Hair dye splashes across WHS


Credit: Courtesy of pxfuel

A new trend has emerged among WHS: hair dye. Several WHS students have decided to experiment with temporary hair dye for a fun, short-term change. Junior Emmie O’Shaugnessey chose to dye her hair pink at home. “My inspiration for dying my hair came as a desire for wanting a change that wasn’t permanent, and I think hair is a good way to express yourself,” O’Shaughnessy said.

Julia Raymond

A new trend has recently sparked among WHS students: hair dye. Hair dye is a unique style statement that has been spreading over the course of the past few months. Many different vibrant colors such as blue, pink, green and purple have been seen on the hair of numerous students at WHS.

Students who have previously dyed their hair or are currently deciding often find it as a way to change themselves in a way that is only temporary. Junior Emmie O’Shaughnessy decided to dye her hair because she wanted a fun, short-term change.

“My inspiration for dying my hair came as a desire for wanting a change that wasn’t permanent, and I think hair is a good way to express yourself,” O’Shaughnessy said.

This unique trend has been rapidly gaining followers over the course of only a few months. Many students seem to be influenced by others. Watching familiar faces dye their hair and experiment with colors persuaded students that dying their hair was a good choice. Sophomore Ali Baron has experimented with dying her hair before, but seeing other’s dye their hair pink sparked an interest.

“I decided on the color because everybody was doing pink, and I decided I should do pink too because it looked cool,” Baron said.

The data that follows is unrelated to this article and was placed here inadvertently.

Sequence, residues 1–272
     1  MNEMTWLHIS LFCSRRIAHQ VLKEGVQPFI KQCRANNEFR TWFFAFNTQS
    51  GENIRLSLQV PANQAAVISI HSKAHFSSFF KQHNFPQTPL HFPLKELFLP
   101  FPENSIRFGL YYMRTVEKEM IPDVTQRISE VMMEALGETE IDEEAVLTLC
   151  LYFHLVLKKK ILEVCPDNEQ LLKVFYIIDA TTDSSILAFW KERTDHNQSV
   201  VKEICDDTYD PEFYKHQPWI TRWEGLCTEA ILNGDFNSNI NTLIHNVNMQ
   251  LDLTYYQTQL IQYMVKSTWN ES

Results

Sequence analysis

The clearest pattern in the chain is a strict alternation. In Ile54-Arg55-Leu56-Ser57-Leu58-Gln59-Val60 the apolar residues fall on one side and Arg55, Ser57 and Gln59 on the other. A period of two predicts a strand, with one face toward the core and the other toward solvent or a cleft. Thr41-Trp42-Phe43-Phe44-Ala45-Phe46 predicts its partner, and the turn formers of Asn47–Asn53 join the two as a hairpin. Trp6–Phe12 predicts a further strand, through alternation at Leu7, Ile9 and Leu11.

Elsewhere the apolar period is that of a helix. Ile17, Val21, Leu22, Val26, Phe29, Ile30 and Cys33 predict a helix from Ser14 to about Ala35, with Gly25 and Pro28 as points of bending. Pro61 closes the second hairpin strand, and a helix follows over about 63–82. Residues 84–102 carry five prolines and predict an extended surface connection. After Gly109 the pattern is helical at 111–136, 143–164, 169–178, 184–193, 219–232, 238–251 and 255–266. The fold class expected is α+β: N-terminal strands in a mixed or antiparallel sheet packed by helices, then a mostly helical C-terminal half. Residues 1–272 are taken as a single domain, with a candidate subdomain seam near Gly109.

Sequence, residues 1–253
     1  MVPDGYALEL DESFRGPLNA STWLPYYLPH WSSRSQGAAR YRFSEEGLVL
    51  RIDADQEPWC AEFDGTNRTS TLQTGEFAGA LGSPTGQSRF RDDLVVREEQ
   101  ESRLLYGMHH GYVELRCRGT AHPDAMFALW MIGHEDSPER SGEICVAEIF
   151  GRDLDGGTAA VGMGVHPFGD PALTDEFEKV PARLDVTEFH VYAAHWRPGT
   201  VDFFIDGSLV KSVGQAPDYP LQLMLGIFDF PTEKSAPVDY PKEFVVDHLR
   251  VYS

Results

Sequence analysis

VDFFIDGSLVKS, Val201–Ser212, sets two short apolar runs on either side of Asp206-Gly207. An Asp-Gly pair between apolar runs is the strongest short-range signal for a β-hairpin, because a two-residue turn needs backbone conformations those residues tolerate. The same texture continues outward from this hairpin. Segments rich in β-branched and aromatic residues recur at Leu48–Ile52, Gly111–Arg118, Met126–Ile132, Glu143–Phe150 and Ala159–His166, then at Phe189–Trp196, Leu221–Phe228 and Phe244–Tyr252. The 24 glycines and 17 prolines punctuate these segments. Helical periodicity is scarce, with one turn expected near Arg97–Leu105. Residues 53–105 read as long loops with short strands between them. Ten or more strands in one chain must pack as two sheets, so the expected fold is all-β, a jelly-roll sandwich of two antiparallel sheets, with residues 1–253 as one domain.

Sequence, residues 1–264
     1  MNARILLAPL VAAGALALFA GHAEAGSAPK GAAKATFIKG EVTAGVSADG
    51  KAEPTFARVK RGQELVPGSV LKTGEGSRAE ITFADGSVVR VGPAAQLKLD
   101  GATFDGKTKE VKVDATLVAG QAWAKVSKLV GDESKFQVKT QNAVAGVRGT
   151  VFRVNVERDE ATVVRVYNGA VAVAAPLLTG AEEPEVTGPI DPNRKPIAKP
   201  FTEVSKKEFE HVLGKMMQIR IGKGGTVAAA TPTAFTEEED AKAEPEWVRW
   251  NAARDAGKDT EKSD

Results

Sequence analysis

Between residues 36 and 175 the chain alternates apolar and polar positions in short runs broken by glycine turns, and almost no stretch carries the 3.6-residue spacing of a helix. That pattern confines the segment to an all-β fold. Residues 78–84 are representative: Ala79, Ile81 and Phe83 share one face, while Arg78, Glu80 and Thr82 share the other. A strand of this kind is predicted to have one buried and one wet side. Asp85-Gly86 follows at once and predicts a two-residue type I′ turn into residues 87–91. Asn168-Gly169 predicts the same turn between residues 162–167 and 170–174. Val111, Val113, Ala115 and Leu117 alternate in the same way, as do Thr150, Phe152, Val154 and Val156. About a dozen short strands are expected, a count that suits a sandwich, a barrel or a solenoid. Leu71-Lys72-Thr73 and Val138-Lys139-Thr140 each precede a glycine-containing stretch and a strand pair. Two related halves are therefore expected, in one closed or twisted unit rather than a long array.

Students seeing their peers in school with dyed hair seems to have a strong impact on their decision to dye their hair. Sophomore Sophie Simmons also has a lot of experience dying her hair, dating all the way back to middle school.

“I guess I saw a lot of other people doing it both in school and in general, and I thought it would be cool to jump on the bandwagon and try it out again too,” Simmons said.

For some students, this trend is not brand new to them. Hair-dying has been a temporary change that a handful of students have tried out before in previous years. Back when it wasn’t a huge trend, a few students tested out the waters and tried colors in middle school just to have fun with it.

“I’ve dyed my hair many times,” Simmons said. “I used to when I was a lot younger cause it was just kinda a kid thing to do, and then I started back up again in seventh grade, and have dyed my hair every once in a while since.”

The process in dying hair can be very costly or very inexpensive depending on the chosen route. Many students chose to dye their hair at home because it makes more sense economically.

“For me it was hard because the salon didn’t really do what I wanted, so the next day I did it by myself which was harder because I was alone,” O’Shaughnessy said. “Dying my hair at home was pretty inexpensive, probably under $30.”

Many students agree that by dyeing your hair at home, you have more control over the process, while at a parlor the hairstylist doesn’t know exactly what you want.

“I’ve got [my hair] done at a parlor for the most part,” Simmons said. “Bleaching is definitely hard to do if you aren’t trained [properly].”

Research beforehand did not seem necessary to many students, for the majority of students felt pretty confident in the process.

“I didn’t do any research beforehand because I felt pretty confident about it, I just tried it out by mixing some colors,” Baron said.

Unfortunately, most students were not satisfied with their results because of how the color appeared in their hair.

“I wish my hair was pinker, it didn’t really turn out [as] expected,” O’Shaughnessy said. “I was just tired of the whole process and gave up.”

Baron wasn’t satisfied with her results either.

“I was not super satisfied with my results,” Baron said. “I guess I did kind of have a reason for doing it. I guess you could say something triggered it. I got in a fight with one of my friends, and I just felt like dying my hair because I was sad and it made me happy. I did something different and out of the box.”

The question is whether this trend will stay here for a while or be soon replaced by something new and cutting-edge.

“I will keep dying my hair in the future, it’s just kind of something that feels right for me, and I enjoy trying out new colors, mixes and cuts,” Simmons said.